Carbohydrates In Nature

Carbohydrates In Nature

Some vegans may tell me that some non-vegans are uncorrectable but perhaps I can find new ways to motivate them.

With the never-ending diet debates going on in the world today, please raise your hand if you’ve never heard the “Vegan diets have too many carbs” motto.
But what are carbohydrates and what is their role in nutrition?

Carbohydrates are probably the most abundant and widespread organic substances in nature, and they are essential constituents of all living things. Carbohydrates are formed by green plants from carbon dioxide and water during the process of photosynthesis. Carbohydrates serve as energy sources and as essential structural components in organisms.
In addition, part of the structure of nucleic acids, which contain genetic information, consists of carbohydrate.

The importance of carbohydrates to living things can hardly be overemphasized. The energy stores of most animals and plants are both carbohydrate and lipid in nature. Carbohydrates are generally available as an immediate energy source, whereas lipids act as a long-term energy resource and tend to be utilized at a slower rate.
Glucose, the prevalent uncombined, or free, sugar circulating in the blood of higher animals, is essential to cell function. The proper regulation of glucose metabolism is of paramount importance to survival.

Although a number of classification schemes have been devised for carbohydrates, the division into four major groups, monosaccharides, disaccharides, oligosaccharides, and polysaccharides, used here is among the most common.
Monosaccharides, also called simple sugars, are the simplest form of sugar and the most basic units (monomers) of carbohydrates.
Examples of monosaccharides include glucose (dextrose), fructose (levulose), and galactose.
Disaccharides, also called a double sugar is the sugar formed when two monosaccharides are joined by glycosidic linkage. Like monosaccharides, disaccharides are simple sugars soluble in water. Three common examples are sucrose, lactose, and maltose.
Oligosaccharides are saccharide polymers containing a small number (typically three to ten) of monosaccharides (simple sugars). Oligosaccharides can have many functions including cell recognition and cell binding. For example, glycolipids have an important role in the immune response.
They are normally present as glycans: oligosaccharide chains are linked to lipids or to compatible amino acid side chains in proteins.
Polysaccharides, are the most abundant carbohydrate found in food. They are long chain polymeric carbohydrates composed of monosaccharide units bound together by glycosidic linkages. This carbohydrate can react with water (hydrolysis) using amylase enzymes as catalyst, which produces constituent sugars (monosaccharides, or oligosaccharides). They range in structure from linear to highly branched. Examples include storage polysaccharides such as starch, glycogen and galactogen and structural polysaccharides such as cellulose and chitin.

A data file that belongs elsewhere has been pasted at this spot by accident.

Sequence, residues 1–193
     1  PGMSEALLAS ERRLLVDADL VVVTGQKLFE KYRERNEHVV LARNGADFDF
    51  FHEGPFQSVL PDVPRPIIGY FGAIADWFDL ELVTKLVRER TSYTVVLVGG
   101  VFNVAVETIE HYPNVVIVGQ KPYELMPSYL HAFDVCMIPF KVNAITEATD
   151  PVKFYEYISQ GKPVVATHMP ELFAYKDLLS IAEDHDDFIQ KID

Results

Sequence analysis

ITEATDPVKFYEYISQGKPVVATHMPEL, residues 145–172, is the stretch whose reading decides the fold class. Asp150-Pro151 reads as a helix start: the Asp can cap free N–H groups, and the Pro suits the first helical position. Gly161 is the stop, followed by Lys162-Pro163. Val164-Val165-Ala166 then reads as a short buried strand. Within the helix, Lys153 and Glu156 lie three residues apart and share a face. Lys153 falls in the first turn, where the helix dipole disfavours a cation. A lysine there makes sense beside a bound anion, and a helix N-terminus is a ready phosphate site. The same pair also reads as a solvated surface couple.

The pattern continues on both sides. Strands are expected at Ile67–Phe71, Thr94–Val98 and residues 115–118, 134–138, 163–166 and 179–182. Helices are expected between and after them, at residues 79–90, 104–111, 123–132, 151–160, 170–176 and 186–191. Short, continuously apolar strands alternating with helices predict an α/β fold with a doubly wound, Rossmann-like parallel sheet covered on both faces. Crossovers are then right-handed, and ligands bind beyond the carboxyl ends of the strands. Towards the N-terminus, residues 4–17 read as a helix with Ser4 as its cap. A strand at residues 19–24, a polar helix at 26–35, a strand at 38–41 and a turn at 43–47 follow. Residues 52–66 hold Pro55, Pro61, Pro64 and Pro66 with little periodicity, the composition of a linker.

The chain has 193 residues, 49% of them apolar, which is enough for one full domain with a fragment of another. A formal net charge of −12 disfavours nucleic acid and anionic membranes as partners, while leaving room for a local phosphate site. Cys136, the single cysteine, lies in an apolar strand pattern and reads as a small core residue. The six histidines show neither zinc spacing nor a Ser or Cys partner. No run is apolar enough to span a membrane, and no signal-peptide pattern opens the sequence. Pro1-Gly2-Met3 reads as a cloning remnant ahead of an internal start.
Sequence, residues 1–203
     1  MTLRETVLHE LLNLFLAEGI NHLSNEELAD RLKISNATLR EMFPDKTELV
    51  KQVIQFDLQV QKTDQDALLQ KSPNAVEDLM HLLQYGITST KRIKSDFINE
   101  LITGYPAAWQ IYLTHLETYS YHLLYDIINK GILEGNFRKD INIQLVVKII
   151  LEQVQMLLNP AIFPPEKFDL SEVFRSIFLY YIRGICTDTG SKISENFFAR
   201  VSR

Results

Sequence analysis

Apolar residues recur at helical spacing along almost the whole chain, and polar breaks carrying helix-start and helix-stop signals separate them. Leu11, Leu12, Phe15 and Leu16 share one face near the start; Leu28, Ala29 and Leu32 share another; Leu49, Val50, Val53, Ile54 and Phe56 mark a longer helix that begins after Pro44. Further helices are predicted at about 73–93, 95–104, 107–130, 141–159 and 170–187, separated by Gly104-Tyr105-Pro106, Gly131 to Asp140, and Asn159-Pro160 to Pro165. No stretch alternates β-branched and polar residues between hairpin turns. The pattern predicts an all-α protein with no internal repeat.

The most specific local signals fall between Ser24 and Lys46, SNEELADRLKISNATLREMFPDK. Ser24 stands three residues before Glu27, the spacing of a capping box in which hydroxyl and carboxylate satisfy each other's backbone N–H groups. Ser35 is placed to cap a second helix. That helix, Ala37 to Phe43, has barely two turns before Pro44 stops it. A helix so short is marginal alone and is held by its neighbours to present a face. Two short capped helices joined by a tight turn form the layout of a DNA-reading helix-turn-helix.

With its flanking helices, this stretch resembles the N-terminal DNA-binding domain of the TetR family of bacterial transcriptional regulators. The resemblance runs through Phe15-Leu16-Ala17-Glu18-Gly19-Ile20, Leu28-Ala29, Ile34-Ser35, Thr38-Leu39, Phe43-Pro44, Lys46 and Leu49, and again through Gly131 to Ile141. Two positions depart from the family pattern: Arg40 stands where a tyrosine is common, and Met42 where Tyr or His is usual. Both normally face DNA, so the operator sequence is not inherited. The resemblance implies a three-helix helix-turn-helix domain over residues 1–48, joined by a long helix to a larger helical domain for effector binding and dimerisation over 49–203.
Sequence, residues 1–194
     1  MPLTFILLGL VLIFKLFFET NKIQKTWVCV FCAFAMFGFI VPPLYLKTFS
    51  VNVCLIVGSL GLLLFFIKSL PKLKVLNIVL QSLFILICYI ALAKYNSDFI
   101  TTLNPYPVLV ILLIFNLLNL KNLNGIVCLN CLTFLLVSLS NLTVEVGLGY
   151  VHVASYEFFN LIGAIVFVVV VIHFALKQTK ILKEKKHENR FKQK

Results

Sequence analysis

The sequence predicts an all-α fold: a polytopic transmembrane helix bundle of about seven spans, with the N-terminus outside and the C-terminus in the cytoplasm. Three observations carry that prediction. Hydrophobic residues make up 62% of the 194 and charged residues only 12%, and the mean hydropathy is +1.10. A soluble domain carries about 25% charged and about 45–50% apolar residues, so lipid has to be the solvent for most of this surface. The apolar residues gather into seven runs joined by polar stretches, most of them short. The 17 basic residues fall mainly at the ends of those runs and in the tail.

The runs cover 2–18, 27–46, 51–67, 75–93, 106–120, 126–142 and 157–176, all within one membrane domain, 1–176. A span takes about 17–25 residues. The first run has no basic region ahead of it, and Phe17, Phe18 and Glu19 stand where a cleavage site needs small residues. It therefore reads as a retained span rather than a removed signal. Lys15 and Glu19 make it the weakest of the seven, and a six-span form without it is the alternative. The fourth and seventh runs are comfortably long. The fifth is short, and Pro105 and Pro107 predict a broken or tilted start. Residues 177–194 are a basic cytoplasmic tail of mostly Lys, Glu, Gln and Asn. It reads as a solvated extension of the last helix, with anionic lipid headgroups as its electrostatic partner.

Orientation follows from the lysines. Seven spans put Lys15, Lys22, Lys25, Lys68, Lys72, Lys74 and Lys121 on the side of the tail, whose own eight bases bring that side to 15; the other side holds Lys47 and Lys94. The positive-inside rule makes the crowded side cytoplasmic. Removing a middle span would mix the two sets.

What’s most important is the type of carbohydrate you choose to eat because some sources are healthier than others. The amount of carbohydrate in the diet – high or low – is less important than the type of carbohydrate in the diet. For example, healthy, whole grains such as whole wheat bread, rye, barley and quinoa are better choices than highly refined white bread or French fries.

The complex carbohydrates found in whole plant foods are highly beneficial. Not only are they an essential part of any healthy diet, they should actually make up the great majority of it.

Carbohydrates are found in a wide array of both healthy and unhealthy foods and they also come in a variety of forms. The most common and abundant forms are sugars, fibers, and starches.

Foods high in carbohydrates are an important part of a healthy diet. Carbohydrates provide the body with glucose, which is converted to energy used to support bodily functions and physical activity. But carbohydrate quality is important.

The healthiest sources of carbohydrates, unprocessed or minimally processed whole grains, vegetables, fruits and beans, promote good health by delivering vitamins, minerals, fiber, and a host of important phytonutrients.

Unhealthier sources of carbohydrates include white bread, pastries, sodas, and other highly processed or refined foods. These items contain easily digested carbohydrates that may contribute to weight gain, interfere with weight loss, and promote diabetes and heart disease if consumed in excess.

Some evidence suggests that whole grains and dietary fiber from whole foods help reduce your risk of cardiovascular diseases. Fiber may also protect against obesity and type 2 diabetes. Fiber is also essential for optimal digestive health.

Evidence shows that eating plenty of fruit, vegetables and whole grains can help you control your weight. Their bulk and fiber content aids weight control by helping you feel full on fewer calories. Contrary to what low-carb diets claim, very few studies show that a diet rich in healthy carbohydrates leads to weight gain or obesity.

Healthy carbohydrates work better in a whole-foods plant-based diet by emphasizing fiber-rich fruits and vegetables, choosing whole grains, eating more legumes and limiting added sugars.

As can be easily confirmed by the positions of major Nutrition and Dietetics Associations, a whole-foods, plant-based diet when appropriately planned is healthful and nutritionally adequate.

Non-human animals should not be needlessly killed for temporary nutrition related sensory pleasure.
Search your feelings, you know it to be true.

And please research the publicly verifiable evidence available online, other vegans may not be as forgiving as I am.

Picture:

Foods high in carbohydrates include breads, fruits and vegetables – Getty Images

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